Home Stories Jhpiego, Nigeria Agency Partner to Defeat Malaria

Jhpiego, Nigeria Agency Partner to Defeat Malaria

A community midwife talks about malaria prevention activities that can help save lives.
A community midwife talks about malaria prevention activities that can help save lives.

Bauchi, Nigeria—When the tiny community of Warji in Bauchi State in northeastern Nigeria needed someone to lead their fight against malaria, they chose two farming neighbors, Salamatu Mohammed and Sadiq Baba Wakasau. Both volunteered their time and meager resources to save the lives of fellow farmers, pregnant women and children—all 224 of them.

As part of a malaria prevention and treatment program sponsored by the Bauchi State Agency for the Control of HIV/AIDS, Tuberculosis, Leprosy and Malaria (BACATMA), Salamatu and Sadiq and dozens of others were recruited to work with the local health services to promote anti-malaria activities. As community-oriented resource persons, the volunteers mobilize their fellow citizens to participate in evidence-based case management of malaria, promote use of insecticide-treated nets and intermittent preventive treatment, and access prenatal care services through community referral.

In the past, Jhpiego, in collaboration with the government and the ExxonMobil Foundation, has helped prevent malaria in Nigeria through a multi-year program that targeted pregnant women in four areas in Akwa Ibom State. As part of its mission to prevent the needless deaths of women and families, Jhpiego provided more than 26,000 pregnant women with two doses of intermittent preventive treatment of malaria, and 5,000 pregnant women received insecticide-treated mosquito nets.

In Warji, rains soak the farmland for four months of the year, leaving residents vulnerable to malaria transmission year round. For the month of June 2012, the state agency monitoring malaria control in Bauchi State reported a total of 44,666 cases of fever. BACATMA, with the support of Jhpiego, the Innovative Consultancy & Agricultural Services and the National Malaria Control Program under the World Bank-assisted Malaria Booster Program, sponsored a series of activities to involve the community in malaria prevention. A key aspect of the program is to have community volunteers take charge of the distribution of health commodities under the supervision of the health services.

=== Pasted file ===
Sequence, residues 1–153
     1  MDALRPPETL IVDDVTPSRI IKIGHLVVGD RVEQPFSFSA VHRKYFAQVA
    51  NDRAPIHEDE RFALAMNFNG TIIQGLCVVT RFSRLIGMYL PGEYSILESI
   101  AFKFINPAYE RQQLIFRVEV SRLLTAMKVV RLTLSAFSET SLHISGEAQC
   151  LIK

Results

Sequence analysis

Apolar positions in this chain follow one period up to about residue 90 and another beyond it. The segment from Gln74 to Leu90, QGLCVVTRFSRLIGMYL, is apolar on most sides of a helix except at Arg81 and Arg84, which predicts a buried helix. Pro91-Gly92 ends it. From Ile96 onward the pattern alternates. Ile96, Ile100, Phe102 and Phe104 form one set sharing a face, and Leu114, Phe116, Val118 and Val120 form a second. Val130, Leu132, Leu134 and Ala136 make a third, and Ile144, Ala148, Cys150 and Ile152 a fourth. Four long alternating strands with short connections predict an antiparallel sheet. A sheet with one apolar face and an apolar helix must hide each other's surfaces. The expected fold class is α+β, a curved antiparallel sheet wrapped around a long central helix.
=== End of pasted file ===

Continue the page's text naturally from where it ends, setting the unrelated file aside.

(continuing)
Honored to be chosen as community volunteers, Salamatu and Sadiq participated in a five-day training on home management of malaria using artemisinin-based combination therapy (ACT) regimens (the first line of treatment against malaria infection), counseling on drug compliance and adverse reaction, benefits of prenatal care attendance and community health education.

“This training is indeed enabling and an eye opener…. Thank God for this opportunity to be among the select few. I will not disappoint,” said Salamatu.

Such enthusiasm is what makes the community volunteers such a force in this fight. In five months, they have cumulatively reached more than 300 pregnant women with community health education on malaria prevention, treated 50 under-five children with oral rehydration salts for diarrhea and dewormed 725 school children.

But challenges remain. Eight months after community volunteers Salamatu and Sadiq finished their training, the number of available ACT doses could not meet the need for them. Although 1,537,360 doses were required for the whole state, the National Malaria Control Program was able to procure and distribute to health facilities only 384,340 (25 percent) because of logistical issues.

Sadiq, however, is not deterred in his resolve to save the lives of pregnant women and children in his district. “If the ACTs promised are supplied as we have been told, I can assure you that malaria will no longer be a problem to my community,” he said.

Jhpiego believes that when women are healthy, families and communities are strong. We won’t rest until all women and their families—no matter where they live—can access the health care they need to pursue happy and productive lives.

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